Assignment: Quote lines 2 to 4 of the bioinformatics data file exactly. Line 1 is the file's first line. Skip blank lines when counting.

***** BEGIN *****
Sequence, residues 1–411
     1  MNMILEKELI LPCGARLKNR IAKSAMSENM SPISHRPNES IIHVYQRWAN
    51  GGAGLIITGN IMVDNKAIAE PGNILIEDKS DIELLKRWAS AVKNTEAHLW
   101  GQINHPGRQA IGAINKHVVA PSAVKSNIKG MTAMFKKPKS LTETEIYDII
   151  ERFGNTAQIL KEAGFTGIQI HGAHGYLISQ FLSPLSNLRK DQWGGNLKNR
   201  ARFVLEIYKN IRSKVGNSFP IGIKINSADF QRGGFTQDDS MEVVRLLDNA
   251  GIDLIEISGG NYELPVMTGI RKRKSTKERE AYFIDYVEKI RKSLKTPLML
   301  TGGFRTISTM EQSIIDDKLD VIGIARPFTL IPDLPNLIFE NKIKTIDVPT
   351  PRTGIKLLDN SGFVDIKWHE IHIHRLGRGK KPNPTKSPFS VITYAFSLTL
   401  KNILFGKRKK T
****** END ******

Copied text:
     1  MNMILEKELI LPCGARLKNR IAKSAMSENM SPISHRPNES IIHVYQRWAN
    51  GGAGLIITGN IMVDNKAIAE PGNILIEDKS DIELLKRWAS AVKNTEAHLW
   101  GQINHPGRQA IGAINKHVVA PSAVKSNIKG MTAMFKKPKS LTETEIYDII